(AC) - A Disclosure of the Hidden Treasures of Heaven Contained in the Holy Scripture or Word of the Lord, Together with Amazing Things Seen in the World of Spirits and in the Heaven of Angels

AC 10071

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10071. And the tail. That this signifies all truth there, is evident from the signification of "the tail of the ram," as being truth. That "the tail" denotes truth is because it is the ultimate thing, and truth is in the ultimates (see n. 6952). Moreover, the tail is the ultimate of the cerebrum and cerebellum, for these are continued into the spinal marrow, and this also terminates in the tail, which thus is their ultimate appendix. Therefore it is said that in the sacrifices the tail was to be removed hard by the backbone (Lev. 3:9). That "the tail" signifies truth in ultimates, and in the opposite sense falsity, is evident from the following passages. In Isaiah:
Jehovah shall cut off from Israel head and tail. The old man and the honored is the head, and the prophet, the teacher of a lie, is the tail (Isa. 9:13, 14);
in the spiritual sense to "cut off the head and the tail" denotes to cut off good and truth, for the subject treated of is the church, on the devastation of which, the "head" signifies evil, and the "tail" falsity. (That the "head" denotes good, see n. 4938, 4939, 5328, 9913, 9914; in like manner an "old man," n. 6524, 9404; that a "prophet" denotes one who teaches truth, thus abstractedly truth, n. 2534, 7269.) In the opposite sense therefore the "head" denotes evil, in like manner the "old man" and the "honored" who do this; and the "tail" denotes falsity, in like manner the "prophet," whence he is called "the prophet of a lie," for a "lie" denotes falsity. In the same:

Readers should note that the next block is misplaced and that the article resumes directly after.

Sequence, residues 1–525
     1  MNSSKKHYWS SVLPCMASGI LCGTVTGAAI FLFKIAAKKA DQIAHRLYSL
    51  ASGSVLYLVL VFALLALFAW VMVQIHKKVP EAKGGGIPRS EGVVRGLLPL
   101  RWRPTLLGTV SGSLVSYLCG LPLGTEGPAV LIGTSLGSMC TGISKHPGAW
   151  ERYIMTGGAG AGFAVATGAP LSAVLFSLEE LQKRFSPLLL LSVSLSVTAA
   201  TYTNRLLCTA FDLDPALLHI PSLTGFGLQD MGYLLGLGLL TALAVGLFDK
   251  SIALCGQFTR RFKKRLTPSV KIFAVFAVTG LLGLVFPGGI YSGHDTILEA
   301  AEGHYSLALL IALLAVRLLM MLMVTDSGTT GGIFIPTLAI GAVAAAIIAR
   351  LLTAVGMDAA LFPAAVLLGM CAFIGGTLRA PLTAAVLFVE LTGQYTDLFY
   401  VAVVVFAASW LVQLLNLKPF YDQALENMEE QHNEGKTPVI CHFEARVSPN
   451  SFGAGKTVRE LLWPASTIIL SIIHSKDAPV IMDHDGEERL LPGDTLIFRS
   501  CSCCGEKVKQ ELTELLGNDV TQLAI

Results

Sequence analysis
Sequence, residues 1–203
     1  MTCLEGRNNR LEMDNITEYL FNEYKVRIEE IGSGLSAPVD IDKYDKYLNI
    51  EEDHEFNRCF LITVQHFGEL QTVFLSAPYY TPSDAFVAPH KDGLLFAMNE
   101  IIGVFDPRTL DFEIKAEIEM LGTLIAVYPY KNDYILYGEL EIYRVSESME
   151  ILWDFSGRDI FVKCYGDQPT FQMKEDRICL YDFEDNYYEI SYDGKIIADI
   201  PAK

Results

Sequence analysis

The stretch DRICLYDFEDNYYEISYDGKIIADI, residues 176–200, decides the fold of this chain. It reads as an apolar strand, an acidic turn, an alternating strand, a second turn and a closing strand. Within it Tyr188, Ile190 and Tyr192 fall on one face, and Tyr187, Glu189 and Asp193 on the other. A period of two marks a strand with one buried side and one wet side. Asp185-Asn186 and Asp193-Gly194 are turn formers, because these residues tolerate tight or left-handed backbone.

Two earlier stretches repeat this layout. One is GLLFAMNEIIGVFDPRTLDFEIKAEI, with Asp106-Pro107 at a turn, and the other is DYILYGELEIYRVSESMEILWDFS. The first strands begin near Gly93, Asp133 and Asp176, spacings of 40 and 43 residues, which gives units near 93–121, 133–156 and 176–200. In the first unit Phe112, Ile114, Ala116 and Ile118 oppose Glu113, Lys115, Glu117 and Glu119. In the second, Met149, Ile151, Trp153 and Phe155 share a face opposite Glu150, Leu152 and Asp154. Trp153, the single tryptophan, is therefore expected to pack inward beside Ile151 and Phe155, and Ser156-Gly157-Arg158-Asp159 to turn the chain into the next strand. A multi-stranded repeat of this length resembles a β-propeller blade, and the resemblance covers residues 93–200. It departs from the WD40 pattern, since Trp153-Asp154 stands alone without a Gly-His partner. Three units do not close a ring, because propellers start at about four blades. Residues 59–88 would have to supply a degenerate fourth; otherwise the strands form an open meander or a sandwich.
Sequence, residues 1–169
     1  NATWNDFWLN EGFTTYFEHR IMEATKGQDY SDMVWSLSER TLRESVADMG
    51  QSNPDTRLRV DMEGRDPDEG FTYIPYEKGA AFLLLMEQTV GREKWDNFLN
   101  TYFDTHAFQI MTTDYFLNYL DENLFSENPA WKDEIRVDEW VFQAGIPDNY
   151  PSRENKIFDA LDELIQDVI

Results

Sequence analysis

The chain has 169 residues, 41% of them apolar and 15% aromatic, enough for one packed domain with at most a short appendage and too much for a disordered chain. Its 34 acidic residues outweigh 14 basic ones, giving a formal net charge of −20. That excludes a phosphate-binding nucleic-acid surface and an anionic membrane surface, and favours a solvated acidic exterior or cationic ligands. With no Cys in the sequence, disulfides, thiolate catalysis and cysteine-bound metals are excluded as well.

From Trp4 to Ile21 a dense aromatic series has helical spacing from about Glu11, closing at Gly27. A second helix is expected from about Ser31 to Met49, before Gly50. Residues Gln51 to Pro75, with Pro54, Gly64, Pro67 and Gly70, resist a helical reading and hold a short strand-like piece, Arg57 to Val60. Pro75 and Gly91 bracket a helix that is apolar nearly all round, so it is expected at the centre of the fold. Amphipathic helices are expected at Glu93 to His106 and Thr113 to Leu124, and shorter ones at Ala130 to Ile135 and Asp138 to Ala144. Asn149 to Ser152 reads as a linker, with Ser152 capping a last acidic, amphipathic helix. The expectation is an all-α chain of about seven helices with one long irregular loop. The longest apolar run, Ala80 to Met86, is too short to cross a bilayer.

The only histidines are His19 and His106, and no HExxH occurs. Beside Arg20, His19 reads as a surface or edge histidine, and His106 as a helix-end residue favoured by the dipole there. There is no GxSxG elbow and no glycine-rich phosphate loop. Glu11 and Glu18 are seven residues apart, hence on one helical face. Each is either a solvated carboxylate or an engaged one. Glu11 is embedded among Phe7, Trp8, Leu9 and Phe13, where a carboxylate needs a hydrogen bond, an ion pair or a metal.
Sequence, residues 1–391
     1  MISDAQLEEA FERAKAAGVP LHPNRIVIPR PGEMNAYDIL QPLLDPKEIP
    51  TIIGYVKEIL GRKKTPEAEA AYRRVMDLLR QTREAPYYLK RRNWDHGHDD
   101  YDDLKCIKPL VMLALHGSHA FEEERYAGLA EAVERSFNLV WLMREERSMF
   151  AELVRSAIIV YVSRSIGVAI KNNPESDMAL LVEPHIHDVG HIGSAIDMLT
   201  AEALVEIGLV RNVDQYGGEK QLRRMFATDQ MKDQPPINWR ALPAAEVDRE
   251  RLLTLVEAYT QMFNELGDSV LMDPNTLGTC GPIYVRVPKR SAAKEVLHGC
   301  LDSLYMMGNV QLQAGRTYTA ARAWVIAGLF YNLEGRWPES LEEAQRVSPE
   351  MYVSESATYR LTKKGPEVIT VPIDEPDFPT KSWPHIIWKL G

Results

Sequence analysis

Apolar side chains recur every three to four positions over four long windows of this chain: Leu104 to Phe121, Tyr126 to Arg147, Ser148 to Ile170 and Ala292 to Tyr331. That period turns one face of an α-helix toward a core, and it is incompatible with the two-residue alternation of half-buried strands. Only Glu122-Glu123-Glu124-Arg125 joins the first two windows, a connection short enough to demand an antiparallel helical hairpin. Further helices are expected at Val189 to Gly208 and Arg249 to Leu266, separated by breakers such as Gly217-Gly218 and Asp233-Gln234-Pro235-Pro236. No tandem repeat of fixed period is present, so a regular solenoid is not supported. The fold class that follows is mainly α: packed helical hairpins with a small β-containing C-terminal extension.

There shall not be work for Egypt, which may make head and tail (Isa. 19:15);
"Egypt" denotes those who by reasonings from memory-knowledges wish to enter into the truths and goods of faith, and not from what is revealed, thus not from faith in what is revealed (n. 1164, 1165, 1186); that there is "no work which makes the head and the tail," denotes that they have neither good nor truth. That the "tail" denotes truth in ultimates is plain from its signification in the opposite sense, in which the "tail" denotes falsity, as in John:
The locusts had tails like unto scorpions, and stings were in their tails, and their power was to hurt men (Rev. 9:10);
"tails like scorpions, and stings in the tails," denote cunning reasonings from falsities by which they persuade, and thereby do injury, and therefore it is said that "their power is to hurt men" (that a "locust" also denotes falsity in the extremes, see n. 7643). In the same:
The tails of the horses were like serpents, having heads, and with them they do hurt (Rev. 9:19);
"tails like serpents" here also denote reasonings from falsities, whereby injury is done. In the same:
The tail of the dragon drew the third part of the stars of heaven, and cast them to the earth (Rev. 12:4);
"the tail of the dragon" denotes truths falsified, especially by application to evils; the "stars" denote the knowledges of truth and good falsified; "to cast to the earth" denotes to destroy.


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